BREAKING NEWS: Victory for Marine A! Appeal Court Judges clear Sgt Alexander Blackman of murdering Taliban fighter in Afghanistan
Soldier Alexander Blackman – better known as Marine A – was today cleared of murder and had his conviction reduced to manslaughter.
His conviction for shooting dead a Taliban fighter in Afghanistan was sensationally overturned as the Appeal Court ruled it ‘unsafe’ and a ‘miscarriage of justice’.
His wife Claire beamed and there were loud gasps and then cheers from his family, ex-Marines and other supporters as five top judges lifted the stain on his character.
Sergeant Blackman, who has already served three years in prison, will face a new sentencing hearing in the next week but his legal team will now argue for him to be released.
On the steps of the court Mrs Blackman said she was ‘delighted’ with the decision and thanked the tens of thousands of people who have supported her husband and his legal battle.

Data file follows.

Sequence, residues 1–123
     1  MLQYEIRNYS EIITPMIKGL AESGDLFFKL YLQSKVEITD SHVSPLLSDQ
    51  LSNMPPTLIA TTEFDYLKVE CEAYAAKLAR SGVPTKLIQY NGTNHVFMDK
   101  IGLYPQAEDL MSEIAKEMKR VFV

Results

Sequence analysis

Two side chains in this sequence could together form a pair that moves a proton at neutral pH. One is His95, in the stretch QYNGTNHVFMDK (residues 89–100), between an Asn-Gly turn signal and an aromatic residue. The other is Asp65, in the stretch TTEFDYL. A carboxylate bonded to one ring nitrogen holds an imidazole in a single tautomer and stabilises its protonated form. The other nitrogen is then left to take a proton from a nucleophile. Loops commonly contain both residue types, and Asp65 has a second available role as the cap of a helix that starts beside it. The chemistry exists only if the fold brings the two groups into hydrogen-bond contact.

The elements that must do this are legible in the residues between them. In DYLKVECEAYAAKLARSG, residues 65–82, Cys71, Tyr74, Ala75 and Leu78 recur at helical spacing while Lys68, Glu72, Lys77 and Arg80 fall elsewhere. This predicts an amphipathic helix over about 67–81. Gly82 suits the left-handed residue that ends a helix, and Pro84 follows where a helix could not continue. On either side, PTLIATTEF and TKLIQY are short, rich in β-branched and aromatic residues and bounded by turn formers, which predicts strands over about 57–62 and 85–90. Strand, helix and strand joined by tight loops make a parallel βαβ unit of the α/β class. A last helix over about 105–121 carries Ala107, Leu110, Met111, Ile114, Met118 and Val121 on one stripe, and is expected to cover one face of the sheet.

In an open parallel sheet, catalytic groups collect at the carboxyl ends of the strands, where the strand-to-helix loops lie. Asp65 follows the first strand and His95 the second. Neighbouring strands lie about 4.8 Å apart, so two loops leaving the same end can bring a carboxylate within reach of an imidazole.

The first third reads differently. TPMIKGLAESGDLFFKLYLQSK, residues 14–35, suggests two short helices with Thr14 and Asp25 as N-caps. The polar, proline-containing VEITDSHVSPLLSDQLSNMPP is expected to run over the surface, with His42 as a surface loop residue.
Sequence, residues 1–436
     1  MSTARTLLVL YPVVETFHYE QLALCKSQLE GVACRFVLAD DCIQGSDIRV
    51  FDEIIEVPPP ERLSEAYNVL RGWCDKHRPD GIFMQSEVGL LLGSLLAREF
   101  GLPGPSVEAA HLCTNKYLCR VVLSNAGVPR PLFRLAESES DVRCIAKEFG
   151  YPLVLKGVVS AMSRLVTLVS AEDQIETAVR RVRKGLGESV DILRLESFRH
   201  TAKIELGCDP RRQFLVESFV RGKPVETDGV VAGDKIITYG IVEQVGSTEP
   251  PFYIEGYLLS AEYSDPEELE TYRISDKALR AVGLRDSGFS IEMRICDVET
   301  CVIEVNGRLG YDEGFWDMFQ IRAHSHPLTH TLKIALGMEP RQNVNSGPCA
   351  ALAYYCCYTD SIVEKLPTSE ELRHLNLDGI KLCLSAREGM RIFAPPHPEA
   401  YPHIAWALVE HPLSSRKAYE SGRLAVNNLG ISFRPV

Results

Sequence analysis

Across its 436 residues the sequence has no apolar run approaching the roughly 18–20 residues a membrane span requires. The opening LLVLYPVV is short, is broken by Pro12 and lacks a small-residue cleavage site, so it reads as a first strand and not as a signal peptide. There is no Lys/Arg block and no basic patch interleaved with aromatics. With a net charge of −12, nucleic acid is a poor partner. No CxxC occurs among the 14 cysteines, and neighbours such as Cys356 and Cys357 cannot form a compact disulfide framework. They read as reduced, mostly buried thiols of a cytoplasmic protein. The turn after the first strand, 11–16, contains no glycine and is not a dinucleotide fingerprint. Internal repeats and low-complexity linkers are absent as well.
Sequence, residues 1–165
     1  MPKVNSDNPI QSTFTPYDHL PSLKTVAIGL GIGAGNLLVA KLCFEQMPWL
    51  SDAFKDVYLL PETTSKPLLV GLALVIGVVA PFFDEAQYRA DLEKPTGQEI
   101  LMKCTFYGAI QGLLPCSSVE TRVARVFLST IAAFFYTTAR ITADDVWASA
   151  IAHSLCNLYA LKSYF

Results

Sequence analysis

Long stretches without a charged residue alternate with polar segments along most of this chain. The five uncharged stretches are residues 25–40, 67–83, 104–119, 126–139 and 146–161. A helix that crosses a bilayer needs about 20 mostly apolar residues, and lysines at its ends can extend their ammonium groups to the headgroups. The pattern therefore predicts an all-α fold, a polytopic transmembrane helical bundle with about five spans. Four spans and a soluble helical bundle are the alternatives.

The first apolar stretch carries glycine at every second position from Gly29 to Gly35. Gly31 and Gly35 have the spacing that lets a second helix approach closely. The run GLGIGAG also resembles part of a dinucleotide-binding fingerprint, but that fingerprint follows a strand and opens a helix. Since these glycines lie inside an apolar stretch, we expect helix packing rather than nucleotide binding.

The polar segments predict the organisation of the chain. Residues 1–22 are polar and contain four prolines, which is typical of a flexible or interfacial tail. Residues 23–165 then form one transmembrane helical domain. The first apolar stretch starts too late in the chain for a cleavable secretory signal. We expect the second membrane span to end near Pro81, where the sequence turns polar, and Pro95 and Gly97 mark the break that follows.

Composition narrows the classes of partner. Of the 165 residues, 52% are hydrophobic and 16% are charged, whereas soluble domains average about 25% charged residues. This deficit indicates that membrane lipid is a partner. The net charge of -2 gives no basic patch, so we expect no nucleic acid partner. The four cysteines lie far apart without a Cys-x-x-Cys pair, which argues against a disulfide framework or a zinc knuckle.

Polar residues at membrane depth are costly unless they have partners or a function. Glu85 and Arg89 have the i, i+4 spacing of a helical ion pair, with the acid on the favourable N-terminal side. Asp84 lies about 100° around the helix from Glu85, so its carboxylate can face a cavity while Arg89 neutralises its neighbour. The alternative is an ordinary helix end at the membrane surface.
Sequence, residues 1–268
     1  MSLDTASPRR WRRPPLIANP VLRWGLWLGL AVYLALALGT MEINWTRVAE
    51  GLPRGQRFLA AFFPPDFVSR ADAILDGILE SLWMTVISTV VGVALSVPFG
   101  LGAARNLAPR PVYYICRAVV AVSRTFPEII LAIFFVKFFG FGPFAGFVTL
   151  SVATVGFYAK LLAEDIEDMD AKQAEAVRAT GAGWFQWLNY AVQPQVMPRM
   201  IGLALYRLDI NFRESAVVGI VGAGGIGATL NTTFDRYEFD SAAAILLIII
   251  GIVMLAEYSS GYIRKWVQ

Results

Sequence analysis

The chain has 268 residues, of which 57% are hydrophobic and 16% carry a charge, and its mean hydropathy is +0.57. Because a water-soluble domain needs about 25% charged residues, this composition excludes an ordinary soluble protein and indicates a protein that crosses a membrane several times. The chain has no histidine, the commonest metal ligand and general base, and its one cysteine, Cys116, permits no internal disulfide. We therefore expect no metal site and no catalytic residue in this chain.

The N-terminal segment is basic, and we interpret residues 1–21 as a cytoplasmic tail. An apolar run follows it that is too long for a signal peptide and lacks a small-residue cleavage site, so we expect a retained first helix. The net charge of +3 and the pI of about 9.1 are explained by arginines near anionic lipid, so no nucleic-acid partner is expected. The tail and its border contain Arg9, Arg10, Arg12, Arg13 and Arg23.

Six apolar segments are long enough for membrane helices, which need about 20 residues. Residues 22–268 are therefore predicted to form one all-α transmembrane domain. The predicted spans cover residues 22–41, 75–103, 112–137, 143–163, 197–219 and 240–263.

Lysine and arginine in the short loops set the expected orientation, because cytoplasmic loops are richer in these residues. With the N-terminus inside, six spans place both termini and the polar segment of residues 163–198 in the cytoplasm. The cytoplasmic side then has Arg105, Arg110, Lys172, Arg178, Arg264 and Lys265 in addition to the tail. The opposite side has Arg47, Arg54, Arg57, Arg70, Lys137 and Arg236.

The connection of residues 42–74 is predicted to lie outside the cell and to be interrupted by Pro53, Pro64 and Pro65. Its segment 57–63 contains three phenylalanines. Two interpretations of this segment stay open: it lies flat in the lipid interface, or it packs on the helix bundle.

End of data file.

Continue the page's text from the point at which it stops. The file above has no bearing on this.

She added: ‘This is a crucial decision and one which better reflects the circumstances my husband found himself in during that terrible tour in Afghanistan. We now hope to get a significant reduction in his sentence’.
At a hearing in February the judges were urged to overturn Blackman’s ‘unsafe’ murder conviction on the basis of ‘uncontradicted’ evidence from three psychiatrists that he was suffering from a mental illness – an adjustment disorder – at the time of the killing.
They heard that at the time of the 2011 incident, he was serving with Plymouth-based 42 Commando in Helmand province in ‘ghastly’ conditions which were a ‘breeding ground’ for mental health problems.
In Wednesday’s ruling, the judges said Blackman had been ‘an exemplary soldier before his deployment to Afghanistan in March 2011’.
They ruled: ‘The appellant suffered from quite exceptional stressors … during the time of that deployment which increasingly impacted on him the longer he was in command at CP Omar.’
The judges said it was ‘clear that a consequence was that he had developed a hatred for the Taliban and a desire for revenge’.
At the time of the killing ‘the patrol remained under threat from other insurgents’.
The judges said: ‘Given his prior exemplary conduct, we have concluded that it was the combination of the stressors, the other matters to which we have referred and his adjustment disorder that substantially impaired his ability to form a rational judgment.’
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